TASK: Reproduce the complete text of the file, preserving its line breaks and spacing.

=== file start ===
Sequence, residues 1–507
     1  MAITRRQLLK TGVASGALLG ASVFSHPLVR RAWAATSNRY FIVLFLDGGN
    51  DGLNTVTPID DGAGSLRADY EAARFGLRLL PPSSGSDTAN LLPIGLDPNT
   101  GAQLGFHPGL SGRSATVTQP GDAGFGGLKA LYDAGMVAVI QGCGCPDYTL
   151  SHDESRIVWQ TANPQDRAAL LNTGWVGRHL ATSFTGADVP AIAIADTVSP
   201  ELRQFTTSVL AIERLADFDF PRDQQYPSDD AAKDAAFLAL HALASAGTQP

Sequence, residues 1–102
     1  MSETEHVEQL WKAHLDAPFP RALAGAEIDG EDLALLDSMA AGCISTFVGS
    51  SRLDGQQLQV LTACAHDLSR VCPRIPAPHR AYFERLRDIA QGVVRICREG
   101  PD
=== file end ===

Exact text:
Sequence, residues 1–507
     1  MAITRRQLLK TGVASGALLG ASVFSHPLVR RAWAATSNRY FIVLFLDGGN
    51  DGLNTVTPID DGAGSLRADY EAARFGLRLL PPSSGSDTAN LLPIGLDPNT
   101  GAQLGFHPGL SGRSATVTQP GDAGFGGLKA LYDAGMVAVI QGCGCPDYTL
   151  SHDESRIVWQ TANPQDRAAL LNTGWVGRHL ATSFTGADVP AIAIADTVSP
   201  ELRQFTTSVL AIERLADFDF PRDQQYPSDD AAKDAAFLAL HALASAGTQP

Sequence, residues 1–102
     1  MSETEHVEQL WKAHLDAPFP RALAGAEIDG EDLALLDSMA AGCISTFVGS
    51  SRLDGQQLQV LTACAHDLSR VCPRIPAPHR AYFERLRDIA QGVVRICREG
   101  PD